Choosing the right e-payment technology for your merchant website could be a daunting task. However, if you understand the process of online transactions, it may not appear that complex. Read on to figure out certain key terms that come in when you set up an online payment option for your website.
Merchant Bank / Acquiring Bank / Acquirer
The financial institution that enables the merchant to process debit and credit card transactions is acquiring bank. The bank card transactions are authorised by them to pass it to the issuing bank. The acquirers take the risk liability and settle the transactions.
Issuer / Issuing Bank
Issuer is a member of the card scheme and issues credit cards and debit cards to consumers. They provide banking services to customers and allow individuals to initiate purchases using their payment cards. They act as a middle man between the card schemes like Visa and MasterCard and the consumer. The card schemes will have ultimate control over the cards that bear their logo. Card networks like Visa, MasterCard, American Express or other networks are intermediary between acquirers and issuers to authorise card transactions.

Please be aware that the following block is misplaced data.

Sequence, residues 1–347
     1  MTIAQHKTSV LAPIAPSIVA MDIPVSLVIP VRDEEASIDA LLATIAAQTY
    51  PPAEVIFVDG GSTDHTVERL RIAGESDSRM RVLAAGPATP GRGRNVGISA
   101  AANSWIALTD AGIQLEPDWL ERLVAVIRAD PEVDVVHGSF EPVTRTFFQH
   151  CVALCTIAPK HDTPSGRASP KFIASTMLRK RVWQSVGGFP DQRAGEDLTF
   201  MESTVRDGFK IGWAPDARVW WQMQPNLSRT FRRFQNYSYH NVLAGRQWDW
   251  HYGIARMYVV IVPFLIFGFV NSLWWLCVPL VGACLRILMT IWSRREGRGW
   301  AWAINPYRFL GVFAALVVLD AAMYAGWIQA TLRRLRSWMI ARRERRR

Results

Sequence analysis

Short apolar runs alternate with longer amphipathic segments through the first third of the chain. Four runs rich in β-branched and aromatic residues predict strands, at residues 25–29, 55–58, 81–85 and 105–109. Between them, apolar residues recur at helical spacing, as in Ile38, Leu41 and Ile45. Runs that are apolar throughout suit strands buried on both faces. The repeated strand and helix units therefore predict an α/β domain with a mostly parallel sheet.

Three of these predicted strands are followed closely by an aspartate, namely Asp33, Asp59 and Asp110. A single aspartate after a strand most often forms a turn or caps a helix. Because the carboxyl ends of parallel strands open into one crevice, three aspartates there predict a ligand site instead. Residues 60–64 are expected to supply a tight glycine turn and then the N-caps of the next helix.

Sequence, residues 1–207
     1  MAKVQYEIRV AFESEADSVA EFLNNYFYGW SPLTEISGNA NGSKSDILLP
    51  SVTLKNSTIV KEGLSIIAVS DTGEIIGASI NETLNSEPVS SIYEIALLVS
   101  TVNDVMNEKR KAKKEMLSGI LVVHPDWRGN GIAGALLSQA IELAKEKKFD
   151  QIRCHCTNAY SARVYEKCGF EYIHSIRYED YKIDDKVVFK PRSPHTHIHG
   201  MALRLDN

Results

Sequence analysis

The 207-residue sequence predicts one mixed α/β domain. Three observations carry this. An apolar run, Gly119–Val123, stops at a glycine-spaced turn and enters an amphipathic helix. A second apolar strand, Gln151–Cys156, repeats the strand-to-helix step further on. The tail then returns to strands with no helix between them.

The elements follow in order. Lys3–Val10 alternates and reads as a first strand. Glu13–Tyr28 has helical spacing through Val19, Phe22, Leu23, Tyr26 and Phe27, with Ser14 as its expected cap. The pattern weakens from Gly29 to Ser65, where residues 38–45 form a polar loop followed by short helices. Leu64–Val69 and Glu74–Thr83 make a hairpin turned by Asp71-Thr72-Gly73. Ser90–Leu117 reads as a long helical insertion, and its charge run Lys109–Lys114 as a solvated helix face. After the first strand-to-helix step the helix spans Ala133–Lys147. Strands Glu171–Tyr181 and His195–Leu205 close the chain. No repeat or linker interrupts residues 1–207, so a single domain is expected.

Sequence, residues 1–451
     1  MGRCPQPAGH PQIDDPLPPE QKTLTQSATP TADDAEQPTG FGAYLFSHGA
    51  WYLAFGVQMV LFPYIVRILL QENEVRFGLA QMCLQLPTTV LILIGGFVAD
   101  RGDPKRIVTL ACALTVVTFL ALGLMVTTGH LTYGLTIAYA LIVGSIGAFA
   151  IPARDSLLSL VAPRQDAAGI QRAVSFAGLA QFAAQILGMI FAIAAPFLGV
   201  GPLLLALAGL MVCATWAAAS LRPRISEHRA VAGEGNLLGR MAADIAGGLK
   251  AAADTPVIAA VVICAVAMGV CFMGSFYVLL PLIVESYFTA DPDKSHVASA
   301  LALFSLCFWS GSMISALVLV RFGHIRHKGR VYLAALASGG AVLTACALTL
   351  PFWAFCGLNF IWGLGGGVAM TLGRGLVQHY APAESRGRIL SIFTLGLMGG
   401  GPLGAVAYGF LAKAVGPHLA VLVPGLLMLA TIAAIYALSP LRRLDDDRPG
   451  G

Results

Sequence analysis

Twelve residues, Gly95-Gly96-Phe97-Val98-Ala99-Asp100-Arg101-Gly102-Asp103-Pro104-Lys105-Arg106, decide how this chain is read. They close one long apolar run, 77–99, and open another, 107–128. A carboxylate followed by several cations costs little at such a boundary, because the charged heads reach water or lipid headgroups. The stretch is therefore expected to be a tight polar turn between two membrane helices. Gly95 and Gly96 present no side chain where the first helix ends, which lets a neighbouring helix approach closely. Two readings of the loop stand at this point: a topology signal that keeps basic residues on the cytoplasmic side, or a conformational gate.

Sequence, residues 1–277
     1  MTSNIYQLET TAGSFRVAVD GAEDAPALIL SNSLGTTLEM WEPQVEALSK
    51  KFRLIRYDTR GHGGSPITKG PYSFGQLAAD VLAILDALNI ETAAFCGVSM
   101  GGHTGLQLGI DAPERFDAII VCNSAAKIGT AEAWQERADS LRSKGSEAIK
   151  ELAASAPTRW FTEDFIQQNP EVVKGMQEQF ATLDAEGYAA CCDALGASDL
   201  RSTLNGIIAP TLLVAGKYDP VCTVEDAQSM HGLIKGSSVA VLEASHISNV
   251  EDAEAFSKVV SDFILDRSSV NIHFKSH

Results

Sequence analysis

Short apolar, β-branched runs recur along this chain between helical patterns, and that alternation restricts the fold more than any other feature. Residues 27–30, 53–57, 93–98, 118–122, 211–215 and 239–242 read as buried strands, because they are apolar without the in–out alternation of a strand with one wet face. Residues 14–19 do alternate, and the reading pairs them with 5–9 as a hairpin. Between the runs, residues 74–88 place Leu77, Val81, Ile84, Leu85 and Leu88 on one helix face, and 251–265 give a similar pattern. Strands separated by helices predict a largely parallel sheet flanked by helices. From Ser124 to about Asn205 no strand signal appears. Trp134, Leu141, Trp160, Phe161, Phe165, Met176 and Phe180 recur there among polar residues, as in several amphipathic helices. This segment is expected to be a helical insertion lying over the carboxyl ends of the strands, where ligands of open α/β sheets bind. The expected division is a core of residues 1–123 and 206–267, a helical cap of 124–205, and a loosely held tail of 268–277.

Authorisation and Authentication
The authorisation process offered by online payment service providers ensures adequate funds by the cardholder to complete an online transaction. Based on the response of approval or decline, the transaction goes ahead or gets terminated. The authentication process is the verification of cardholder. The customer’s identity is verified based at least one of the authentication factors. The factors are knowledge, inherence, ownership, and user location. A CVV or card verification value is a 3-digit numeric code on MasterCard or Visa and 4-digit code in American Express card. Providing CVV number to an online merchant denotes the possession of the physical card. This helps to reduce fraud.
Payment gateways are provided by online payment service providers and it facilitates and authoriSes the payment transactions for online businesses. The transaction information is transmitted to acquirers and responses from issuers. These are equivalent to the point of sale terminal (POS) in the physical store. A card-not-present situation is a transaction without the use of a physical card presented to the merchant.
The average ticket size is the volume of expected transactions in your portal. A chargeback is a disputed transaction by the cardholder or issuing bank to protect the customers from unauthorised transactions. Interchange fees are paid to the issuer by the acquirer to compensate transaction-handling cost, risk liability and fraud in approval of payments. The PCI DSS or The Payment Card Industry Data Security Standard is a set of guidelines to ensure the security of transactions in e-payment technology. The security guidelines ensure that companies that accept, process, store or transmit sensitive card information do maintain a secure environment.< Next post - Things to Consider before Choosing Your Online Payment Service Provider Prev post - Types of Payment Gateways: Advantages and Disadvantages >